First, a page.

Joe Capote believed that they had this tension because of the way the young Capote behaved, and he knew his wife had speculated that her son was homosexual. In one of her drunken raids, she screamed at him, tore up his manuscripts, and threatened that he would end up in the streets. Capote felt the rage, the embarrassment, and the confusion in regard with his mother’s actions; still, at the age of fifteen, he picked up his mother’s habit, raiding her stash of bourbon and Saki in the house, thoroughly enjoying every drink with his friends.
Following many accusations, Nina had tried to change Capote’s personality through force. She once drove him to a doctor to get male-hormone shots and Capote had forced her to stop the car and they had an argument. He clearly said he was homosexual and that he intended to do what he wants. After that, she never really brought it up, but she mentioned it any time she could to friends. By his mid-teens, Capote had developed a few relationships with other boys at his school; he had an intimate connection with one and was devastated when they had to end their relationship. His close friend, Phoebe Pierce, had stuck by him through these times, but their relationship became strained as well. These experiences led him to a different direction, and now, “with no qualms or second thoughts, he began to follow it” (Clarke 64).
Constantly aiming for the best, Capote’s career had first been influenced by failure. After graduation, he took a job for The New Yorker where he sorted through cartoons and newspaper clips, essentially not the job he craved for. He never wanted to study in college, so he was grateful, but he did not want to spend his life sorting and choosing covers—he wanted to write. He had written many short stories and submitted them, but they were all denied (Krebs). While attending a conference, Capote impersonated as the editor of the magazine; poet Robert Frost was doing a reading when Capote got up from his seat to stretch his legs, but Frost took it as him sneaking out as well as an insult. From the misunderstanding, he was fired from his job and coincidentally his writing career had begun; this event eventually became Capote’s turning point.
Obviously not realizing it at the time, his manager, William Shawn, had done him an unintentional favor that night; he did not have to worry about following guidelines and restrictions; he was able to find his true outlook on writing. Capote had started developing his writing:
[…] he had a distinctive style; if he stayed [at The New Yorker] and moved up, he might have been tempted, perhaps without even knowing it, to trim his increasingly luxuriant prose to the more muted, understated pattern favored by the magazine. Such a mutation, a kind of protective coloration, has been the fate of other spirited young talents, certainly, at The New Yorker and elsewhere; an embrace, if it comes with strings and conditions, can be more damaging than a rejection, and at that age even [Capote] might have been flattered into The New Yorker’s genteel conformity. (Clarke 78)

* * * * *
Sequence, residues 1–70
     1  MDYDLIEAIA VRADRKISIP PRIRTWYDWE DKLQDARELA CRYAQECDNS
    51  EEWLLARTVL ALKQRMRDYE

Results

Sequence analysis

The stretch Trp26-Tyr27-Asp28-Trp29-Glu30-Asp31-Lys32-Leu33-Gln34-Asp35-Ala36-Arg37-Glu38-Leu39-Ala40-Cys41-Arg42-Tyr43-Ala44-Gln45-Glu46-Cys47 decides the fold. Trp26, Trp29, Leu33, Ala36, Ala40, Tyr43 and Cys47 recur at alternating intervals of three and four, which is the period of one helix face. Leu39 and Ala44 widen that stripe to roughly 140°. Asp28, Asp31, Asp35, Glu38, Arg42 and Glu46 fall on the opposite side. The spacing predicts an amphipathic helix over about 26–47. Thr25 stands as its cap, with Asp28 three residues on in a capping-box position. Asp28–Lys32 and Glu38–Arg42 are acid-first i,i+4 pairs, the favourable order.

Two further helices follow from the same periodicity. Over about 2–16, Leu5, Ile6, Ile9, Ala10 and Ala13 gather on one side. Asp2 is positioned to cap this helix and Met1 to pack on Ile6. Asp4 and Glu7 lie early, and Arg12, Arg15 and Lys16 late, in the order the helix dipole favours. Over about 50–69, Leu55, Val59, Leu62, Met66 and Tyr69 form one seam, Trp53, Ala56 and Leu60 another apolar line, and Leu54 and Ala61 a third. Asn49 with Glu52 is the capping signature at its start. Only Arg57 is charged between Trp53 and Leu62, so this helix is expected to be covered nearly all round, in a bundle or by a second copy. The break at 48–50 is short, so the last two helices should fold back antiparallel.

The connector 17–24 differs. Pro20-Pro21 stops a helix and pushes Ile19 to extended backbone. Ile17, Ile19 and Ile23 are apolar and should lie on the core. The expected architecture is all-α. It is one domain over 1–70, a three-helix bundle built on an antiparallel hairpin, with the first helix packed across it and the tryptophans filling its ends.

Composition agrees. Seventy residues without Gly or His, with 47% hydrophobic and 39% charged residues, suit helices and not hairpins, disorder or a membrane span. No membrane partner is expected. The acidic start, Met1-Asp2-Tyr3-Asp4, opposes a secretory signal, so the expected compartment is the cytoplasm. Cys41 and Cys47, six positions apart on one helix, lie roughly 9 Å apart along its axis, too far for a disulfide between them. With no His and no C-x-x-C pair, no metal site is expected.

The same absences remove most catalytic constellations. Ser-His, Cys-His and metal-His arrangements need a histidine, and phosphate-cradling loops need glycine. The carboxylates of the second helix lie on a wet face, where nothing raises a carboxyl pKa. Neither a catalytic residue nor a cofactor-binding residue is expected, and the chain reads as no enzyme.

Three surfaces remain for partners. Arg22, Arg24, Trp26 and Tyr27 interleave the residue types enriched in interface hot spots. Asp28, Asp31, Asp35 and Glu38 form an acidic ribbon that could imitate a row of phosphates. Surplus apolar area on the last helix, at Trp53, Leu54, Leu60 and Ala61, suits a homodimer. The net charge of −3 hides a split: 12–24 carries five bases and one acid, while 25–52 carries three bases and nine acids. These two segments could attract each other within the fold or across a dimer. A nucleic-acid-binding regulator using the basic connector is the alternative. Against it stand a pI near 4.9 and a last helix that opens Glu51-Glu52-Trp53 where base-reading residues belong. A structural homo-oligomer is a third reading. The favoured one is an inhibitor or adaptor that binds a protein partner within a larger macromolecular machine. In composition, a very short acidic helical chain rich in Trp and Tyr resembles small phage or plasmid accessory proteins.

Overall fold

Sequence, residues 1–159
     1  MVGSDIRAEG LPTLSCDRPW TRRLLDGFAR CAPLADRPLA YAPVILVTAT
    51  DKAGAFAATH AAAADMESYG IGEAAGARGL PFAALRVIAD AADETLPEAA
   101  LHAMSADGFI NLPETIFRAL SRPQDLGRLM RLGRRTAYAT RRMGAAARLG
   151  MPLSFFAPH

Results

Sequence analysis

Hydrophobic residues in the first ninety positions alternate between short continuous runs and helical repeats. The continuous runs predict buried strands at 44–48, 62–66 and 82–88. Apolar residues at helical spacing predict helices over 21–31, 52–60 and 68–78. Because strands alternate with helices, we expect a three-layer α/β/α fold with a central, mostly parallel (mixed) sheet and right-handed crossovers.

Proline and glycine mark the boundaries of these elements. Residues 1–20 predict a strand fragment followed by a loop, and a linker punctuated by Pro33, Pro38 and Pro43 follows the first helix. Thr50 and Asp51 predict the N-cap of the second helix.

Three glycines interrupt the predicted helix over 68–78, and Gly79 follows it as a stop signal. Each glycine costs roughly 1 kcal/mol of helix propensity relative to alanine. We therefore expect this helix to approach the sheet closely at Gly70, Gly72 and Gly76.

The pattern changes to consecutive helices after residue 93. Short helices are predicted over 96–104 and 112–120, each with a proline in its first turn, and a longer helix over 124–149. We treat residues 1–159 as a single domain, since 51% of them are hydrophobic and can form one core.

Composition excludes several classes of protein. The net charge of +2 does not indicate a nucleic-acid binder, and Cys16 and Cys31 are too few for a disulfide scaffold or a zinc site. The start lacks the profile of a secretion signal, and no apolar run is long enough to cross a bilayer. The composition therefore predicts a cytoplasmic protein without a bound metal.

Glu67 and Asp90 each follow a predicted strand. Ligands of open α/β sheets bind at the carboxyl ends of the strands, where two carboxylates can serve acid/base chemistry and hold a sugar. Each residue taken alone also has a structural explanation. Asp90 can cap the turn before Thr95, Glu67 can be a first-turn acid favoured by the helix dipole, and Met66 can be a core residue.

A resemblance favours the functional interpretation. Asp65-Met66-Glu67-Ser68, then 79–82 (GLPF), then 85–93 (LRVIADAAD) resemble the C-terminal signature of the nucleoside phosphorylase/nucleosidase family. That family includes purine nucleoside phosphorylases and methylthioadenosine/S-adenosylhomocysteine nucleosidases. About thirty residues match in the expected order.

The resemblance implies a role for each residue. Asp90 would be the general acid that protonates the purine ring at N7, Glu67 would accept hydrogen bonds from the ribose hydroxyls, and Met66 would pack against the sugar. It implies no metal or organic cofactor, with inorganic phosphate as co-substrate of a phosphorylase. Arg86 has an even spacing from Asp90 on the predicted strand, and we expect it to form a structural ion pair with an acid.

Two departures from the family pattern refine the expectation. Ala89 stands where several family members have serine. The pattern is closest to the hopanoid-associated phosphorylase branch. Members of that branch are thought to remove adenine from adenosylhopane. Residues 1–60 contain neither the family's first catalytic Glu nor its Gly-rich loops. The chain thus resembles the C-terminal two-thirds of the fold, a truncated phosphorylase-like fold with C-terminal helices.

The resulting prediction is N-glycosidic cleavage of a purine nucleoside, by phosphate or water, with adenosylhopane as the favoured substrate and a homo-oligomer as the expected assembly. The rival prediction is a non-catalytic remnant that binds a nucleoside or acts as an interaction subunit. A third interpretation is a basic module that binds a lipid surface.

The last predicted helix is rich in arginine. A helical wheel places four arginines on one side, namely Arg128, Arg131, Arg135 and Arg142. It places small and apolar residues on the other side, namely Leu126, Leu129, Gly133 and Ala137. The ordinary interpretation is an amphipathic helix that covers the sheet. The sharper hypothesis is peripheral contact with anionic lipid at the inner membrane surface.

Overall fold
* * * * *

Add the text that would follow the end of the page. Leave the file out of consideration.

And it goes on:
As Capote was beginning to recover from losing his job, ideas seemed to rush out of his head. After his job at The New Yorker, he wrote several short stories that were published in other well-known literary magazines. Between 1943 and 1946, these short stories were seen in various magazines including Harper’s Bazaar, Mademoiselle, and The Atlantic Monthly. In 1946, Capote began his first novel, Other Voices, Other Rooms. The characters and the story itself has many parallels to Capote’s own life, including the addition of the protagonist’s best friend, Idabel, who is based on his lifelong friend Harper Lee. Capote remained very close with Lee, and she based her character of Dill Harris in her novel, To Kill a Mockingbird, on Capote. Rumors also circulated that he wrote a majority of To Kill a Mockingbird himself. Although Capote implied that the main point of Other Voices, Other Rooms was a boy’s search for his father, it started much controversy over the content and the very infamous promotional photograph; Capote is seen reclining on a chair and staring into the camera, almost too intimately. The uproar of the photo mainly accused Capote of being to suggestive, again bringing up Capote’s sexuality. Actually, many—if not most of the major critics—dismissed the novel as “an over spiced gumbo of rape, murder, homosexuality, disease, madness and transvestism” (Mendelsohon). Many artists, writers, and poets were homosexual during the time, but it was not spoken about openly; he was one of the few prominent people completely comfortable with who he was and how he acted.